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Class of 2024 reflects on four years of Virginia Athletics

From women’s swim and dive to men’s lacrosse, this year’s senior class has seen it all

<p>Three members of the Class of 2024 reflect on the strongest and most memorable parts of Virginia athletics during their time at the University.&nbsp;</p>

Three members of the Class of 2024 reflect on the strongest and most memorable parts of Virginia athletics during their time at the University. 

On the heels of an incredible seven championships over the past four years, three graduating sports writers from The Cavalier Daily share their thoughts on what it means to be a Cavalier.

What was the most memorable moment of the past four years of Virginia athletics?

Katie Costin:

The 2021 men’s lacrosse championship capped off a pandemic-plagued first year for the Class of 2024. The No. 4 Cavaliers defeated No. 3 Maryland 17-16 for their ninth national title. The Terrapins had been on the road to an undefeated season until Virginia spoiled it, making the victory that much sweeter. A phenomenal offensive effort from then-redshirt freshman attack Connor Shellenberger, senior attackman Matt Moore, junior midfielder Jeff Conner and then-sophomore attackman Payton Cormier secured Virginia’s victory. These standout performances set the standard for what to expect from men’s lacrosse in the following seasons. 

Max Jensen:

The 2023 season for Virginia baseball was one of ups and downs. The team started the season winning 14 straight games but hit a tough stretch in the middle of the season. However, despite dropping the first game in their super-regional matchup against Duke, graduate pitcher Brian Edgington put on a legendary performance versus the Blue Devils to send the Cavaliers to Omaha for the College World Series. Edgington struck out 11 in a complete game outing and was helped by then-sophomore utility player Ethan Anderson and then-sophomore outfielder Anthony Stephan, who both sent balls into the bleachers. With the win, Virginia baseball cemented itself as a force to be reckoned with, making two of the last three College World Series.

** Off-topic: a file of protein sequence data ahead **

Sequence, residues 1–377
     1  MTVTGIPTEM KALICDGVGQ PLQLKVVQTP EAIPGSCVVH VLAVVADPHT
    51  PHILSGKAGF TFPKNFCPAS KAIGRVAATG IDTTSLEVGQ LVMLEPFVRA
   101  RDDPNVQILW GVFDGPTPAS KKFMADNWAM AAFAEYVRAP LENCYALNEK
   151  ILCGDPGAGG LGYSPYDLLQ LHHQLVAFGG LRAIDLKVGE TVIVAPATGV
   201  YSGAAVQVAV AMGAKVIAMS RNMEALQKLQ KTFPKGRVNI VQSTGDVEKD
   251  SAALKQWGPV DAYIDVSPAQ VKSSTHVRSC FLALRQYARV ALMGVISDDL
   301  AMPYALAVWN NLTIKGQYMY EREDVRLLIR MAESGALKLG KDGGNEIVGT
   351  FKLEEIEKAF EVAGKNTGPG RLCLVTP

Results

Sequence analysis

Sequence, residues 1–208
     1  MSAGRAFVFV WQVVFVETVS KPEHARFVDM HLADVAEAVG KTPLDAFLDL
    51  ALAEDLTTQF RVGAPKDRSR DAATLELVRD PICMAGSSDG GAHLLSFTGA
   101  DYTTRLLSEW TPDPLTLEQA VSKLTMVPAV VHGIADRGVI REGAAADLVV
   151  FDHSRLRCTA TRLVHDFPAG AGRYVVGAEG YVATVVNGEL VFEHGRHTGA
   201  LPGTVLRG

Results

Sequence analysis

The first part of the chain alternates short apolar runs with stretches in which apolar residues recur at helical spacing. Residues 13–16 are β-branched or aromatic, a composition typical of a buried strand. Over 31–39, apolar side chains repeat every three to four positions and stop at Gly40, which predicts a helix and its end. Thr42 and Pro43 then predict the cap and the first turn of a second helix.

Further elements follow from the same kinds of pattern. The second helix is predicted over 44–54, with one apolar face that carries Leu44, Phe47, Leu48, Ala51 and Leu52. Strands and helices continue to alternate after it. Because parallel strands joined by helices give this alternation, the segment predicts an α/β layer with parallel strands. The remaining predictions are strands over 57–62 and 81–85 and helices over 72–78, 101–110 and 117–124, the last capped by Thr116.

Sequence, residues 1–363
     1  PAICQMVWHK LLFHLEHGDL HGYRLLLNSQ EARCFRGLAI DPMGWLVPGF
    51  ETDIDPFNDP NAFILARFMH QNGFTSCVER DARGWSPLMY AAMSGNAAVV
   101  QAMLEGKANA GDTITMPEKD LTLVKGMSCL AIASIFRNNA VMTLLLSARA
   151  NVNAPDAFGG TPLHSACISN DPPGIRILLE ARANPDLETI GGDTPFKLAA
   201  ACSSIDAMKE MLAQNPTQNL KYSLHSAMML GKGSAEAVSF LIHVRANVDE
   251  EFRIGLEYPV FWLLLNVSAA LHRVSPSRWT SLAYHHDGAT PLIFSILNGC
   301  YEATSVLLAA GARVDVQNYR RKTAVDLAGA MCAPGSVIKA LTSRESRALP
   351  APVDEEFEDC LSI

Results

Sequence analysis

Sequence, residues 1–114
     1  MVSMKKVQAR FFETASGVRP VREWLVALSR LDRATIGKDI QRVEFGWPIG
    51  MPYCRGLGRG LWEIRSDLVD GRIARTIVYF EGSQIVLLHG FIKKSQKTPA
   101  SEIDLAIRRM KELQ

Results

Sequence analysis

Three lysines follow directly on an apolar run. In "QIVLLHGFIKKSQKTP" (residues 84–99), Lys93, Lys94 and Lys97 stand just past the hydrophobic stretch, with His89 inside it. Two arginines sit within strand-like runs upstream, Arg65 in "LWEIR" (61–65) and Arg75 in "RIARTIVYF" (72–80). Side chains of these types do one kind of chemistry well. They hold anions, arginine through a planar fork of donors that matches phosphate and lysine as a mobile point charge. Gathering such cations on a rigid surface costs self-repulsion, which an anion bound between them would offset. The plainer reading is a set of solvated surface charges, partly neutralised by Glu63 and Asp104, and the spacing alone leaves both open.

Will Krehmeyer:

It is relatively recent, but women’s basketball’s thrilling 80-75 win over Virginia Tech March 3 looks to springboard the program into the future. The Cavaliers took down their No. 5 ranked rivals in front of the largest recorded women’s basketball crowd in the state of Virginia. It was an extremely high-level game, and both fan bases were well represented in John Paul Jones Arena. While Virginia’s season did not go on to end how they had hoped, this win proved what the program is capable of under second-year Coach Amaka Agugua-Hamilton, and it showed Cavalier fans that there is a lot to look forward to with this team.

Which program has had the most impactful senior class?


With defender Aidan O’Connor and forward Leo Afonso being drafted 12th and 32nd in the Major League Soccer SuperDraft, the men’s soccer senior class is arguably one of the best that Virginia athletics has seen in recent years. While O’Connor and Afonso contributed uniquely to the success of the team this year, goalkeeper Holden Brown, midfielder Mouhameth Thiam, mifielder Axel Ahlander and defender William Citron will also be sorely missed on the field next season. Though this elite talent never resulted in a championship, this group had an exciting journey as Cavaliers highlighted by five top-10 wins over the past four seasons.